What can you expect to see and what can you do if Schmallenberg virus hits?
There have been two cases of Schmallenberg virus confirmed in Ireland with an increase now also occurring in the number of suspect cases being reported at farm level. The suspect cases are stemming from calves and lambs born with the characteristic symptoms of the disease (congenital deformities) and also from abortions in late pregnancy raising alarm bells.
These deformities or malformations in progeny can be exhibited in many ways, including animals born with fixed joints (will not bend as normal) or bent limbs, stiff necks, marked damage to the spinal cord (including curved spines) and animals born with a shorter lower jaw.
These offspring are generally stillbirth or die shortly after death, with early births or abortions also prevalent. The virus differs to other abortion-causing illnesses that can result in the birth of mummified or decomposing foetuses. Reports from 2012 also show that it is common for twin-bearing ewes to give birth to one healthy and one infected lamb. Animals can also be born and appear relatively free of physical malformations but can suffer from brain deformities or complications with the workings of their nervous system.
The prevalence within flocks ranged from 15% to 20% on average as the disease spread across the EU continent from 2011 to 2013 but some flocks/herds experienced higher losses. Experience from other countries shows that lambs are often at a greater risk.
What can be done?
There is no treatment for the virus and infected animals develop a natural immunity, although it is not yet known if this persists over their lifetime. The only real advice in dealing with a higher Schmallenberg risk is to implement higher supervision at lambing to ensure the risk of harm to the dam is lowered. This is as deformed foetuses can regularly give rise to difficult births with the natural birthing process affected in particular by fused, rigid or bent limbs restricting movement through the birth canal. For this reason it is important to proceed with caution and seek veterinary assistance in adequate time if you foresee a problem.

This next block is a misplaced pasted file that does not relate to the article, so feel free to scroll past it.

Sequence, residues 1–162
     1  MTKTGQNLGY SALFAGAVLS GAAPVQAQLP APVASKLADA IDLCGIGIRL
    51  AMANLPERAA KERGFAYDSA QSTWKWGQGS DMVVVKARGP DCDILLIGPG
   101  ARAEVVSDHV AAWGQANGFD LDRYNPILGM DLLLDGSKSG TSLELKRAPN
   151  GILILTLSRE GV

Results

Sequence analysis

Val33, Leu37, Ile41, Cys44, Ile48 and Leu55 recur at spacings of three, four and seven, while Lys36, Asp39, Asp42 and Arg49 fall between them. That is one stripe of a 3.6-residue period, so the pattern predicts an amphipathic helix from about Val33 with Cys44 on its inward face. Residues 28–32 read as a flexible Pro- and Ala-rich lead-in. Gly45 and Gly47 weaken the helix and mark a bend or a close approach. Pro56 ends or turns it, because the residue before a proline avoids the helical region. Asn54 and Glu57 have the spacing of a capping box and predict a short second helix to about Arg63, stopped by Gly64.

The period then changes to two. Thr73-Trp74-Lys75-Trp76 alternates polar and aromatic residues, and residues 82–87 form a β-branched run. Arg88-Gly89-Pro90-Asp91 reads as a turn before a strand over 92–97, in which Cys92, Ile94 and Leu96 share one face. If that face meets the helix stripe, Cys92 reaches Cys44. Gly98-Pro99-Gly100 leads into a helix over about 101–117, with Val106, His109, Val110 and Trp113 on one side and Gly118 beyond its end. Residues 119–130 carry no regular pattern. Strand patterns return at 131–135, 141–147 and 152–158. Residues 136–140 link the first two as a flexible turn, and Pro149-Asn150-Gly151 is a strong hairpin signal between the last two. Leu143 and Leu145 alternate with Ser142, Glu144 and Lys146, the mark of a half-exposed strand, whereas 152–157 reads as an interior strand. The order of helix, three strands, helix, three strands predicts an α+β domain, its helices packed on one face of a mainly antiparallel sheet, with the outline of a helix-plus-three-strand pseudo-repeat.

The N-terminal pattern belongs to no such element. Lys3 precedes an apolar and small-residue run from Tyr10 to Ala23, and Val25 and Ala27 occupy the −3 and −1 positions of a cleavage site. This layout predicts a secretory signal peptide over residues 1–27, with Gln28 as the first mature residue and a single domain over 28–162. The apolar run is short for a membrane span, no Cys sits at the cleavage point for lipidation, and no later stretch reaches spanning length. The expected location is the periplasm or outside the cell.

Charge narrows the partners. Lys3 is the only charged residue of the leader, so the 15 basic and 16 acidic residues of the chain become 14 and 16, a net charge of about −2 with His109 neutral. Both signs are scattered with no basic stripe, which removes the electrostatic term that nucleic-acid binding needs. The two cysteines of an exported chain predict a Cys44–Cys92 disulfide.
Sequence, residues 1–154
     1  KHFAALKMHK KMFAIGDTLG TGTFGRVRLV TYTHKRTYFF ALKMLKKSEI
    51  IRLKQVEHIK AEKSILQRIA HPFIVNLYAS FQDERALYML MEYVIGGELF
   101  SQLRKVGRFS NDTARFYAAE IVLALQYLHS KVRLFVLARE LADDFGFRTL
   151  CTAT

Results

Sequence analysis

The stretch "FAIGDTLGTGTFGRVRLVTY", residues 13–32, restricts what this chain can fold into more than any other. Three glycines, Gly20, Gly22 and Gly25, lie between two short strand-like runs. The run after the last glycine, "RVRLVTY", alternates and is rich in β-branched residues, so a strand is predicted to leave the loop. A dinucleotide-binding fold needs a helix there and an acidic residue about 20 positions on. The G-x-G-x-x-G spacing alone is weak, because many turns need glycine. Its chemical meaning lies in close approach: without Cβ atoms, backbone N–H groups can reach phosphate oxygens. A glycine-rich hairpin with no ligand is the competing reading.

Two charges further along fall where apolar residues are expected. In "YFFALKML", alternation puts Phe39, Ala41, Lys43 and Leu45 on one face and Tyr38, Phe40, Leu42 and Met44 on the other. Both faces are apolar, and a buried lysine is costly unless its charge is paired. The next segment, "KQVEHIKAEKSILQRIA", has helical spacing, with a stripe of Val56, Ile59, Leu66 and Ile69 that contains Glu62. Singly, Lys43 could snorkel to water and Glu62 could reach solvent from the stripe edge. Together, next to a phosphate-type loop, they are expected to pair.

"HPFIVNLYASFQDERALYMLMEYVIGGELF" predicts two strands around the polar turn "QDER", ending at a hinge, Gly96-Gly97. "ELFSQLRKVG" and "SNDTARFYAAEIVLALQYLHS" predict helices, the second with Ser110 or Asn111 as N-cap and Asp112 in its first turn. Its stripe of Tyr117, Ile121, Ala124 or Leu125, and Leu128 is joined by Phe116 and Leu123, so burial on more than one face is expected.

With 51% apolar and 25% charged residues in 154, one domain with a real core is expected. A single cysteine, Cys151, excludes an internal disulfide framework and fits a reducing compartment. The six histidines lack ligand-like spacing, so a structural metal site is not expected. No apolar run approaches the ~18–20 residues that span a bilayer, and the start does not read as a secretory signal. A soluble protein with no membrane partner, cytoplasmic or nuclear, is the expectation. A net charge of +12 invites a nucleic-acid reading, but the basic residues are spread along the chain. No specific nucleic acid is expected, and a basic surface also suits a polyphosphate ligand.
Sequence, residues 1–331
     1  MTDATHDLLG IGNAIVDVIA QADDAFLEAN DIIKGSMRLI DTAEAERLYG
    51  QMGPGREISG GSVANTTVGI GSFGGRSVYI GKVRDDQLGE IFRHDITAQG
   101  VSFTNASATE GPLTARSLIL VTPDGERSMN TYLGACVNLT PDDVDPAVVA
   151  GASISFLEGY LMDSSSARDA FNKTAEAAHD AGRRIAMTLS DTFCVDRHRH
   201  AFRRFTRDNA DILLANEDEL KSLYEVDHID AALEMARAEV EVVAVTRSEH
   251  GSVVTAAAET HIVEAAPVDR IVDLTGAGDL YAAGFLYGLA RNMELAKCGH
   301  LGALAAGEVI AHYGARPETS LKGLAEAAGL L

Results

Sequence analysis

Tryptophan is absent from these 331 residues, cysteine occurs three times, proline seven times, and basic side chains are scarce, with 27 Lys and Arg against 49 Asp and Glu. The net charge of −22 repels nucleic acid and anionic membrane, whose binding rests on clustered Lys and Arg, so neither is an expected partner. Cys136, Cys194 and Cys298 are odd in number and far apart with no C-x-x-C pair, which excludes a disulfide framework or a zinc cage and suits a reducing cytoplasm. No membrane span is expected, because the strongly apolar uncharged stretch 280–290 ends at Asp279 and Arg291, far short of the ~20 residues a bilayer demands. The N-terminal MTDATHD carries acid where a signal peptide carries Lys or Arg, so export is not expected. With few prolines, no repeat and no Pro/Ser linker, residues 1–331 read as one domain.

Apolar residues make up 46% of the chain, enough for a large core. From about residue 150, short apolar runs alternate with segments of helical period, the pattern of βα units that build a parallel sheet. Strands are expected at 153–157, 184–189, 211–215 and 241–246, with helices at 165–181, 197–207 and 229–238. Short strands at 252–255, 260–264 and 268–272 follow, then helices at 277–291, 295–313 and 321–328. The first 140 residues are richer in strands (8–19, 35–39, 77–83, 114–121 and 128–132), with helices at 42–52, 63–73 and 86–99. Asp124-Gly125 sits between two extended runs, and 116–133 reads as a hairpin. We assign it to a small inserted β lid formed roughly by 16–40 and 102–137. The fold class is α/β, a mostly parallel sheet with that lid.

Vaccines were developed and released following the outbreak of the disease in 2013, including Bovilis SBV which is manufactured by MSD Animal Health and Zulvac SBV manufactured by Zoetis. These are unavailable in Ireland due primarily to low usage but even if they were available they would serve no use as they need to be administered approximately three weeks before the breeding season. This is required to provide cover during the main risk period.
Spread of the disease
The virus is spread from animal to animal by biting midges. Cattle, sheep and goats are all susceptible to the disease. The high-risk period for spreading the disease is during the vector season (midges active) which is normally April to November in Ireland. The most susceptible time for infected animals to pass the virus through to a foetus is during month three and four (also possibly month five) in cattle and during month two and into month three of gestation in sheep. This means that early lambing flocks and early spring calving herds are likely to be most at risk as was the case in 2012/2013 when the virus was largely most prevalent in pockets in counties in the southeast. The risk will also be influenced by midge activity in the area which is also largely influenced by climatic conditions.
The virus is not believed to cause sheep or goats to exhibit any clinical signs of the disease but adult cattle can exhibit clinical signs whereby it can cause reduced milk yield, fever, loss of body condition, loss of appetite and diarrhoea in bovines. Once bitten and infected, animals develop an immunity to the virus (cannot be infected in later life) after a relatively short period of time. It is reported that infected animals also carry the disease for around four days. During this period the infection can be picked up by healthy biting midges that come in contact and bite an infected animal.